with so many places there is no room
for me. I fly back to where I now live
and soon my daughter comes to visit;
I cook her long and cumbersome dishes
because, years ago, my flesh was her home.
Sarah Brownsberger received an honorable mention in our Fall Poetry Contest. Beautiful work!
The Crescent-Yet-Ever-Full Moon
by Betty Scott
When skies fall ash-laden gray,
when your heart breaks and grieves,
picture the orange-webbed feet
of the mallard’s mottled family.
Paddle your pond through the night
tuned to the bright beyond,
though Earth swaddled, Earth entombed,
swim terra-tuned toward slivers of light.
Betty Scott received an honorable mention in our 2019 Fall Poetry Contest. Congratulations Betty!
By Kevin Murphy
“The day is coming when a single carrot,
freshly observed, will set off a revolution”
you look at the carrot, the carrot looks at you
you zoom in, zoom out
you rotate the carrot
ninety degrees, one-eighty, three-sixty
then you spin like a dervish
while the carrot remains still
you grate the carrot, sauté the carrot
cut the carrot into matchsticks, burn down the house
you bite the carrot, chew,
suck the pulp, swallow the juice, describe the experience
in your notebook
in terms of chocolate and cabernet
in terms of shoe leather and burnt sugar
you bite the carrot, note that the carrot does not bite you back
maybe it’s because the carrot is a vegetarian
maybe you’re a vegetarian
but that doesn’t really help the carrot
you arrange a hundred carrots in a wheel, a mandala
every carrot pointing at the darkness at the center of the wheel
you meditate on that darkness, lose yourself in it
you look at the paintings of cezanne
you see guys playing cards, a woman looking
over her shoulder, spindly fingers lifting a hat
you see wine bottles, plums and apples, a pile of skulls
but no carrots
the day is coming says paul cezanne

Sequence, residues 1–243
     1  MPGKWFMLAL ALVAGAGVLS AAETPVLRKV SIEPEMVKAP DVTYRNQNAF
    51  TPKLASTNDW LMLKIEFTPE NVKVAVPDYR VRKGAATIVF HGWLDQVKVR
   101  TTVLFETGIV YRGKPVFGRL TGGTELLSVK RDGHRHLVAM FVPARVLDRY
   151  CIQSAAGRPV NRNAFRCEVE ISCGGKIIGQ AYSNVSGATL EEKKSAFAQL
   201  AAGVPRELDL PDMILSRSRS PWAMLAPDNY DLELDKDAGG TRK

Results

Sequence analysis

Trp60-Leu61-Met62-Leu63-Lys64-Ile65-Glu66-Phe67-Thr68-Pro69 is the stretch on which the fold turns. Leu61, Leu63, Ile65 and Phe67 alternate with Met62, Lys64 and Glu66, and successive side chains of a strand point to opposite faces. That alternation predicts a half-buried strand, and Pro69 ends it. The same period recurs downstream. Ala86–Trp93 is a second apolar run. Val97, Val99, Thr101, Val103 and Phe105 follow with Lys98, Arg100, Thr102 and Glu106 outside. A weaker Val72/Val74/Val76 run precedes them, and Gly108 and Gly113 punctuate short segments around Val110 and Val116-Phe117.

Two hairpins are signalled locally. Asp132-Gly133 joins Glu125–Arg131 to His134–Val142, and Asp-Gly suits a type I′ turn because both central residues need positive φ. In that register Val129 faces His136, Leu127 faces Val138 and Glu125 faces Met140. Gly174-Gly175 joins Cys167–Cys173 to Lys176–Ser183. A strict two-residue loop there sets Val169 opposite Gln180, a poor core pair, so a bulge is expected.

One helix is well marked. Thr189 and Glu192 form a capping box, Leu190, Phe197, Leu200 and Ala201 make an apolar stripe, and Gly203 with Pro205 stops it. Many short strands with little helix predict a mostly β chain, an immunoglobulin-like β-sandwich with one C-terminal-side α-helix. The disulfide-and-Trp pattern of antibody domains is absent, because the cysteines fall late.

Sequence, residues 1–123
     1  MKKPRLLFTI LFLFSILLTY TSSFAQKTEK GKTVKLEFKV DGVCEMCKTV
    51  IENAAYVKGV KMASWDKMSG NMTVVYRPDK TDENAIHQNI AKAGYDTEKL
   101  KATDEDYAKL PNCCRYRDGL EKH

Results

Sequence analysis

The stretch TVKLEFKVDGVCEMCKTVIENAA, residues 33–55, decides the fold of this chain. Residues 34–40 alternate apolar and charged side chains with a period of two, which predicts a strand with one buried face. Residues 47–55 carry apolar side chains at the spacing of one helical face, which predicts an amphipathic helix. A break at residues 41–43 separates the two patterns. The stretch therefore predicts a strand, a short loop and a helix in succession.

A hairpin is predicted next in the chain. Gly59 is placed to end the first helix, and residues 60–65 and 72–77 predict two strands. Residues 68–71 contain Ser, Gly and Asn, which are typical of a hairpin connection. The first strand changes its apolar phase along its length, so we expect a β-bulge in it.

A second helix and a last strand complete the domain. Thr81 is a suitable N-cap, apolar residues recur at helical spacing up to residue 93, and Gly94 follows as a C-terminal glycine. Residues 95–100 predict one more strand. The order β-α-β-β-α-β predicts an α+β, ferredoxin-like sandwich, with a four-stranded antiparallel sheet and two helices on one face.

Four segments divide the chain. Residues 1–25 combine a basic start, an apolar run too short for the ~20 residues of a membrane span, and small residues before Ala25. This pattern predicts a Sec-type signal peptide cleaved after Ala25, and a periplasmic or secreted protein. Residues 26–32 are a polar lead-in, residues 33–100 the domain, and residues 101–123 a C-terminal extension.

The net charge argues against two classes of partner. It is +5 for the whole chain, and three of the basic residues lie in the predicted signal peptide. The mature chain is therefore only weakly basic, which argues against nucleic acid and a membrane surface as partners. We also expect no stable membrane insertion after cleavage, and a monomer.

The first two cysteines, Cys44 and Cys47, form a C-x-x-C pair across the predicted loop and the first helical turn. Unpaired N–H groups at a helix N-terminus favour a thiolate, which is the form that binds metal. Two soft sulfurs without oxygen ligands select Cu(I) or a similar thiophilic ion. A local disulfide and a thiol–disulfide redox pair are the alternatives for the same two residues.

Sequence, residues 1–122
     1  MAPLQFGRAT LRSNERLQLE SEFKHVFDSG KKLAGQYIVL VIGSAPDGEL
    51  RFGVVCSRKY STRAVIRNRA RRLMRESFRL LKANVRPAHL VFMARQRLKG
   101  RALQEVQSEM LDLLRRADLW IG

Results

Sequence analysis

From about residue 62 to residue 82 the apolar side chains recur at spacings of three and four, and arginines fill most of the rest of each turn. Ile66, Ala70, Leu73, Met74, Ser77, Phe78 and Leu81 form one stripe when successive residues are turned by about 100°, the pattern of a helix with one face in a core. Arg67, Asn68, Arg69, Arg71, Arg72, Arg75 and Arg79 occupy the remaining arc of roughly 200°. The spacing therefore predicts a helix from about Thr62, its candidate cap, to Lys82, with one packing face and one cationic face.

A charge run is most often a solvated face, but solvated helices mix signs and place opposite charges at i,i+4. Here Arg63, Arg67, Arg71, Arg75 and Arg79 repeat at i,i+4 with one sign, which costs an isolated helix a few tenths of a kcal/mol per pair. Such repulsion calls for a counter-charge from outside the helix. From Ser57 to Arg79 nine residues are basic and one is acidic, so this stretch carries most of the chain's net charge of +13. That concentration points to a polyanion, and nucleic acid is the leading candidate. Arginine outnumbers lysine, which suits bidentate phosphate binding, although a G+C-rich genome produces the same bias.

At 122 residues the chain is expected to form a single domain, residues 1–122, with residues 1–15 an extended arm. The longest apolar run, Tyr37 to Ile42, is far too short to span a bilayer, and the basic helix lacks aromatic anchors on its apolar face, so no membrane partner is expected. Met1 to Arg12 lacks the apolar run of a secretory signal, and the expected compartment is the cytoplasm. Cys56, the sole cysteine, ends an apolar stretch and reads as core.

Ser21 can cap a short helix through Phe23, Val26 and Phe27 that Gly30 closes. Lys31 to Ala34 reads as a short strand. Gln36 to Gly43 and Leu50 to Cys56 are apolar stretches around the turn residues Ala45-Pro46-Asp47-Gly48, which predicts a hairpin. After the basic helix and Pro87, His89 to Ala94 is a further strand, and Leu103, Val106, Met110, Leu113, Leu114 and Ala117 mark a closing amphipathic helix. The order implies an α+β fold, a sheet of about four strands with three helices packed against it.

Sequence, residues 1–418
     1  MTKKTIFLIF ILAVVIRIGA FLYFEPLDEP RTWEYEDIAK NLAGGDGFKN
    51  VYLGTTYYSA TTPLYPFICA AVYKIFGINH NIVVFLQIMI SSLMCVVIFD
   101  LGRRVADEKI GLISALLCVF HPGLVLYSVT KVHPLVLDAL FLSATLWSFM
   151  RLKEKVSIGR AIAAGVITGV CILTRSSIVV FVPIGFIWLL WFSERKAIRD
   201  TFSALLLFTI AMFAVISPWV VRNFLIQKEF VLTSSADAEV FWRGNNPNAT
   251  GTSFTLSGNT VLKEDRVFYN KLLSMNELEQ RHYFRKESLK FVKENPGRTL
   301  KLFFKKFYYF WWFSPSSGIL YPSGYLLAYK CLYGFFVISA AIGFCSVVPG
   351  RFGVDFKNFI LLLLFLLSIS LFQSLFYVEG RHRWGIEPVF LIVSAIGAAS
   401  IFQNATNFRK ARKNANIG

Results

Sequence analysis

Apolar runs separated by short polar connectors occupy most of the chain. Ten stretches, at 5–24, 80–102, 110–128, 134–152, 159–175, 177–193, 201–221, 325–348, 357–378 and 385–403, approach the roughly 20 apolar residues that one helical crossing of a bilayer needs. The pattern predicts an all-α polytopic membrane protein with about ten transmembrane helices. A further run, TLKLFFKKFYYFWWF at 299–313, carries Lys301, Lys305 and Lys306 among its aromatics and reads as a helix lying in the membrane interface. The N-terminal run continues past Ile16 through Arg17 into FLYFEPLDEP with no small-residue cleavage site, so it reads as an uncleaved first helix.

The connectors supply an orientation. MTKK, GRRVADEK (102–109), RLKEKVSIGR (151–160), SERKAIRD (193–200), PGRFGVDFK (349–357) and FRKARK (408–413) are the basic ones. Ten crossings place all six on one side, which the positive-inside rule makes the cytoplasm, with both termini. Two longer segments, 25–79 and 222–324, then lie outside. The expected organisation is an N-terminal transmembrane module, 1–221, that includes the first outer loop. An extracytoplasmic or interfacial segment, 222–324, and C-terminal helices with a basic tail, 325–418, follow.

but cezanne has been dead for over a hundred years
what’s the story, paul cezanne, are we on the right track?
is that day coming still
or did it come and go without our noticing?
"Cezanne's Carrot" received first prize in our Second Quarter Poetry Contest.
Congratulations Kevin Murphy!
Strength in Age
by Linda Conroy
Watch the body hold itself upright
its muscles tight,
flesh held firm by first delight,
till softening seeps,
a shock, as if the body could compete
with rock, and ask
can I compete with rust,
the slide of iron
in the crack of rock,
the red and bronze of age,
the body holds the clasp of time.
"Strength in Age" received an honorable mention in our Second Quarter Poetry Contest. Congratulations Linda Conroy!
By Gary Wade
Let me walk
searching green twilight
listening to silence
knowing there is
of the forest
in the forest
something of old
a still new
waiting for me.
"Werifestirea" received an honorable mention in our Second Quarter Poetry Contest. Congratulations Gary Wade!
by Rachel Mehl
Blushed purple fist,
high as my throat,
black ants are trailing
each other's pheromones
up your ribbed stalk.
They've trained their young
to tap aphids,
to beat the sweet
sticky bodies that cling
to the base of your fruit.
The aphids walk too,
on delicate legs, the green
of lime, or love
when it's gone.
A red ladybug,
with three black spots
lands and swallows
an ant, head first,
legs still kicking.
She swallows his alitrunk,
petiole, and gaster.
I've got a knife. I could cut your head,
steam it, dip your hearts
in butter, but how can I take you
when you are so many's world?
"Artichoke" received an honorable mention in our Third Quarter Poetry Contest. Congratulations Rachel Mehl!